Thia questions relates to a previous question relating to cannabis helping decrease vicodin use. Part of the answer is this:
Cannabis has had more and more positive feedback in people trying to cut down or eliminate their opioid use. Every day in the United States about 44 people die as result of opioid overdoses. There has never been a reported death from cannabis use. Donald Abrams, MD, a professor of medicine at University of California, San Francisco, has studied the effects of medical marijuana on pain since the mid-1990s. In 2011, he published a small study of 21 patients that found that the addition of marijuana to a twice-daily opioid regimen led to a 25 percent reduction in pain. It suggests cannabis could allow pain patients to lower their opioid dosage and still get pain relief.
It seems that patients can get short term pain relief from cannabis that contains only 1.3 percent tetrahydrocannabinol (or THC), the ingredient that gives marijuana its psychotropic effects. Pot used for recreational purposes has 6 to 12 percent THC, but can go as high as 20 percent. A higher concentration of cannabidiol (CBD) mixed with a little THC seems to be the best bet for decreasing opioid use. There is one called “20:1,” named for its ratio of CBD to THC. A 1:1 THC/CBD ratio might be best if the pain is effecting your sleep as well.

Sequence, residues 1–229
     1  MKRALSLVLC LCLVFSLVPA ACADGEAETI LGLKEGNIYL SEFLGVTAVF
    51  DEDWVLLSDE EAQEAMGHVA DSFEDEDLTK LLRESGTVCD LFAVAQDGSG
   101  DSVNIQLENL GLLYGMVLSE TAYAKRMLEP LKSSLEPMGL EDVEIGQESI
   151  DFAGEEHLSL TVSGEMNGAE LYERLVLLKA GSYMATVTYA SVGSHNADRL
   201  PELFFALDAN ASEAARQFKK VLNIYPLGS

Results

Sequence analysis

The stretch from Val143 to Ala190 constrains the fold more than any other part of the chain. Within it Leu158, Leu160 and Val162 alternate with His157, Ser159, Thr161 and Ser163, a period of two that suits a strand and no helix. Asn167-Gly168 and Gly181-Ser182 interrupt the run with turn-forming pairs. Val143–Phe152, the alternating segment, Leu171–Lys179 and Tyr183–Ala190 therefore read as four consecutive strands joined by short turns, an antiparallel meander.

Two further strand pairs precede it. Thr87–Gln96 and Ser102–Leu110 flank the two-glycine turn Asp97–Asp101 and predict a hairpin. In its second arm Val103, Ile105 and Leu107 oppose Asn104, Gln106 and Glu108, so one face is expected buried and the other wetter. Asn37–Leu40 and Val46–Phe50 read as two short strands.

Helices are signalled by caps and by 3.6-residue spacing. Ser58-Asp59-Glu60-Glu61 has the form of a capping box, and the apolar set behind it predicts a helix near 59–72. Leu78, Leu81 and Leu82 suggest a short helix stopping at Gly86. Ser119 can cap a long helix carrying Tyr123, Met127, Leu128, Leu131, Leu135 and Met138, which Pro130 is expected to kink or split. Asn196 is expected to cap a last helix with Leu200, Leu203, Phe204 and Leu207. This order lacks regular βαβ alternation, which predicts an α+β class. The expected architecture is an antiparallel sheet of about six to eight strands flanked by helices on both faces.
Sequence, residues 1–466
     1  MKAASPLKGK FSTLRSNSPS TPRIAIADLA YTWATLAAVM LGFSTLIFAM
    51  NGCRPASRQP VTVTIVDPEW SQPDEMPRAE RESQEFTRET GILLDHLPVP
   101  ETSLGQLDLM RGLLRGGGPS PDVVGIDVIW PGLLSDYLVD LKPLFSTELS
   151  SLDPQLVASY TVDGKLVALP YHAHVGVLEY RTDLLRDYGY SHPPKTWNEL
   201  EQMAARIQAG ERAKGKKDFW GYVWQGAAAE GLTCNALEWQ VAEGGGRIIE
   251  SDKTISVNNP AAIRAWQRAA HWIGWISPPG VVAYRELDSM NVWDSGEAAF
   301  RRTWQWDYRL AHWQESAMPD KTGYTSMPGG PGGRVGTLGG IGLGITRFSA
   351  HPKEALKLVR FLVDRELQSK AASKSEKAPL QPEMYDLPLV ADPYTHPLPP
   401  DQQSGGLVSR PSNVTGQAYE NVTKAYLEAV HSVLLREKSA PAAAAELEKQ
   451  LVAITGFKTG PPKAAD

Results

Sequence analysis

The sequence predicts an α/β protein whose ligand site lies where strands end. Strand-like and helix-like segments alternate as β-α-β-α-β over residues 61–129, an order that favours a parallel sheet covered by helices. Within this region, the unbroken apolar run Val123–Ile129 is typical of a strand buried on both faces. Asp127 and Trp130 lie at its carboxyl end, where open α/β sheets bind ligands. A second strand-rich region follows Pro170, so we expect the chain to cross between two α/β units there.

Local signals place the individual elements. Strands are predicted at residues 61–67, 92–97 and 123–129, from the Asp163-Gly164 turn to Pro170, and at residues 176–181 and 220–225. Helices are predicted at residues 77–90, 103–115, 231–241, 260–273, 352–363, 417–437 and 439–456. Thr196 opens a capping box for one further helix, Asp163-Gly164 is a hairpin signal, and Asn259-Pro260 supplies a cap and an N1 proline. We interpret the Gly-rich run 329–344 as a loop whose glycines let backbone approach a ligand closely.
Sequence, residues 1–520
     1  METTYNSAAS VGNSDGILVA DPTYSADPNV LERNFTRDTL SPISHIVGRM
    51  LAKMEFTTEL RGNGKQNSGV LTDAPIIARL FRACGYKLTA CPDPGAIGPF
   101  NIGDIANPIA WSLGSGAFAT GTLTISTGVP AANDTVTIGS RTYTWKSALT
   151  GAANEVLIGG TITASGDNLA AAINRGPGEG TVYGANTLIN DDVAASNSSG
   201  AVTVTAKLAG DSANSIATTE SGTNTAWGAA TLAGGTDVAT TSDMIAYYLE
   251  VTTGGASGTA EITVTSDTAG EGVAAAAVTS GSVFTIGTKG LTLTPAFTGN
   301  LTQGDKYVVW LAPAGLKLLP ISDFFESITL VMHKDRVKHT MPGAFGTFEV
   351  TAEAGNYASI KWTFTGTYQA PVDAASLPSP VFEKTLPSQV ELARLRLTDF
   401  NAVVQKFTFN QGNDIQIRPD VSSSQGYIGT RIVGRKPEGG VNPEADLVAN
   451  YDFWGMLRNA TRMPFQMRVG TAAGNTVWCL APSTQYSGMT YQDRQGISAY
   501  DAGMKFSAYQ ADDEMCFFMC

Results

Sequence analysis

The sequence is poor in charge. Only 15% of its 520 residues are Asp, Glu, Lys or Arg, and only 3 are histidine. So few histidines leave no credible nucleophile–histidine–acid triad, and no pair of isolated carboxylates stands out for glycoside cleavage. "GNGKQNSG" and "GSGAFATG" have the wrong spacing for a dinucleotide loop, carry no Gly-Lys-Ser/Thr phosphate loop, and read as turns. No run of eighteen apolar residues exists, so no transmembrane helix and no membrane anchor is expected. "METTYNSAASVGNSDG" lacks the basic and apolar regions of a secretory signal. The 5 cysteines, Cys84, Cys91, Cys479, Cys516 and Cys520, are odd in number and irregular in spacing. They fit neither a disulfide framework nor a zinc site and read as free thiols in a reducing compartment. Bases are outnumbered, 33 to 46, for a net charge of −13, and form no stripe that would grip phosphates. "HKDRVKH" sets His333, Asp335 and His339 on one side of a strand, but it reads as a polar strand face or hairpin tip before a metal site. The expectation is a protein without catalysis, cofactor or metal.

The fastest way to obtain relief is by smoking or vaping the cannabis product. Tinctures or capsules are effective as well as using an edible that can last the longest.
Perry Solomon, MD
Symptoms of opioids withdrawal include nausea , muscle cramps, anxiety, depression, agitation, opioids cravings ( https://americanaddictioncenters.org/withdrawal-timelines-treatments/opiate )
Although there are a number of opioid replacement therapies and maintenance medications to help ease the severity of opioid withdrawal symptoms and aid in relapse prevention; however, these medications are not risk free nor are they successful for all patients. Cannabis has a good potential to help with these symptoms with no or minimal side effects . The endocannabinoid and opioidergic systems interact in many different ways. CB1 receptors and mu opioid receptors are distributed in many of the same areas in the brain, and they have cross-sensitization of their pharmacology (Wiese & Wilson-Poe). CB1 agonists readily alleviate somatic withdrawal symptoms such as escape jumps, diarrhea, weight loss, and paw tremors, and reduce the rewarding properties of opioids and prevents reinstatement of drug seeking (Wiese & Wilson-Poe).
So, how in practice Cannabis can be use to help with the symptoms. CBD dominant oral product (oil) can promote long lasting "plateaou" effect, while inhaling medical cannabis with higher concentration of THC 1:1 ratio need to be used with crawing and breakthrough symptoms.
Wiese, B., & Wilson-Poe, A. R. (2018). Emerging Evidence for Cannabis’ Role in Opioid Use Disorder. Cannabis and cannabinoid research, 3(1), 179–189. doi:10.1089/can.2018.0022